looking at pictures with brother

At our table at the bar, my brother takes another photo from the pile closest to him, inspects it, and places it on the pile closest to me. It’s a soccer portrait. In it, I might be nine or ten. My brother comments about how well I’m wearing my little white shorts and that it was a wonder that I never became a real athlete. I can’t tell if he is being sarcastic or sincere. Not that it makes much difference thirty years later.

I look closely at the photo, but I say nothing.

As we continue, a time-line develops – a forensic reconstruction. Details emerge, facts contextualize. Mom married Dad soon after graduating college; Dad didn’t have his 70’s looking mustache until the 80’s; my brother and I are older now than our parents were in our earliest memories. And now, despite my many assertions that I never actually lived in West Virginia, it now seems likely that I was conceived there.

Before Thanksgiving a coworker asked me if I was going home for the holiday, meaning, of course, West Virginia. I didn’t correct him; I know the taint will never wash away. The longest period I have ever spent in Almost Heaven may actually have been last year. I spent two weeks at the motel across from the hospital where my dad was recovering from bypass surgery. His discharge papers read that he was experiencing some mild dementia; he asked me then if I ever planned on moving back.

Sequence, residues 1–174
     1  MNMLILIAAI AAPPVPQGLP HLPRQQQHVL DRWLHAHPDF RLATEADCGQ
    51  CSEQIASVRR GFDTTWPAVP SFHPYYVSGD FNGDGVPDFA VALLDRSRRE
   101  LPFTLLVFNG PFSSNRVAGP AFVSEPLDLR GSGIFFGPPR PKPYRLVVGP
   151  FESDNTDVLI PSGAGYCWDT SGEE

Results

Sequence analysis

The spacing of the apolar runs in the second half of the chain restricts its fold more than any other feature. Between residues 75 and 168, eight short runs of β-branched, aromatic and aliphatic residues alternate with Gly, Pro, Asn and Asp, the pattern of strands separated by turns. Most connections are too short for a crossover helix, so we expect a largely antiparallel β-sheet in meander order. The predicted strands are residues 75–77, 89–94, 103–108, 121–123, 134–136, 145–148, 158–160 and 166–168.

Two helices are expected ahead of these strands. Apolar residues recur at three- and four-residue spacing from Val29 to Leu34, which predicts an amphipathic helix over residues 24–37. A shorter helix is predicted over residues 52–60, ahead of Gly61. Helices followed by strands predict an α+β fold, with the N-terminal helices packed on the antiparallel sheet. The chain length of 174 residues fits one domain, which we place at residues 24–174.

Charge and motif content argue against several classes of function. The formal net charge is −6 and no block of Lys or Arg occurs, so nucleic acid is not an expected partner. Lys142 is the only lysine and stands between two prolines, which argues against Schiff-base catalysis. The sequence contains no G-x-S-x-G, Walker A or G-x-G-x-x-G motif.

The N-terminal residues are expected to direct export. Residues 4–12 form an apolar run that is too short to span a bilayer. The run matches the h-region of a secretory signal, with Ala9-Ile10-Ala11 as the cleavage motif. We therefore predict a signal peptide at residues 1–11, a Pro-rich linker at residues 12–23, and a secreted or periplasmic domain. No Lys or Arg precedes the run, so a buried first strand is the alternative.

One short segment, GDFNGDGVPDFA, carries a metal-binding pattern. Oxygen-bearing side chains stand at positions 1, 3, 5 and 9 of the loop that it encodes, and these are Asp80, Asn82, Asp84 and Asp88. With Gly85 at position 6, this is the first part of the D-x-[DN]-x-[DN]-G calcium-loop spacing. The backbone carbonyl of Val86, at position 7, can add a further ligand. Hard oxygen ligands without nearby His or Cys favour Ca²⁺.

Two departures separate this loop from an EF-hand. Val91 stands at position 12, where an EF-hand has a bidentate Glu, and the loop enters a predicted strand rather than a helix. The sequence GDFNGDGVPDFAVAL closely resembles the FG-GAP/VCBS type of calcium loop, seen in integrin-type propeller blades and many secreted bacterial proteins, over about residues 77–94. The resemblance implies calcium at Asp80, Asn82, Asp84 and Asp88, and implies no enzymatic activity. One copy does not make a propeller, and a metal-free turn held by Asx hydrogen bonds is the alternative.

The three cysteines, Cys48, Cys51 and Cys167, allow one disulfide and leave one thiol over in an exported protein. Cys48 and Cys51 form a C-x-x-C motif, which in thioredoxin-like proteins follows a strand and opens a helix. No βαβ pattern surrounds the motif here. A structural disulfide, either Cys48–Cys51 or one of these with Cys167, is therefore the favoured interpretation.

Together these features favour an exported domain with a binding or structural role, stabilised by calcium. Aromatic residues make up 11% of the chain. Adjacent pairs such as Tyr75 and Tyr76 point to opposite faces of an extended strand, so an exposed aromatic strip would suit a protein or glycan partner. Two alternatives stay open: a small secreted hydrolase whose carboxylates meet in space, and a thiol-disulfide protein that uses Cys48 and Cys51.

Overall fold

The pictures on the table are leftovers from the collages my cousin made for my grandfather’s funeral. She gave them to us in a large envelope with a broken cellophane window. They are a loose assortment of portraits and snapshots of me, my brother, my dad, and my late mother, now nearly five years gone. They roughly span seventy years. In one of the oldest, my mom is a baby tottering through the grass outside her childhood home. The spot is probably no more than a hundred feet from where she is currently buried. In one of the most recent photos, Mom and I are posing with two of her sisters outside of a rehab center in Pittsburgh. She is in a wheelchair, beaming and hopeful. She is wearing a Pitt sweatshirt. This last detail makes my brother cry.

“Have a drink,” I say, indicating his untouched beer.

To my brother, the sweatshirt is an expression of my mom’s devotion to us. She wasn’t a sports fan; neither of us attended Pitt. She wore it because Pittsburgh was home for us. It was a sign of her devotion.

We don’t finish. Our food arrives. My wife joins us, just off from work. She looks through some of the photos we have already been through. Commenting on our baby pictures, and how they exhibit our natures. Our moods lighten. We are not mourning at the moment.

We are celebrating.

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January 30, 2014 at 5:35 pm Leave a comment

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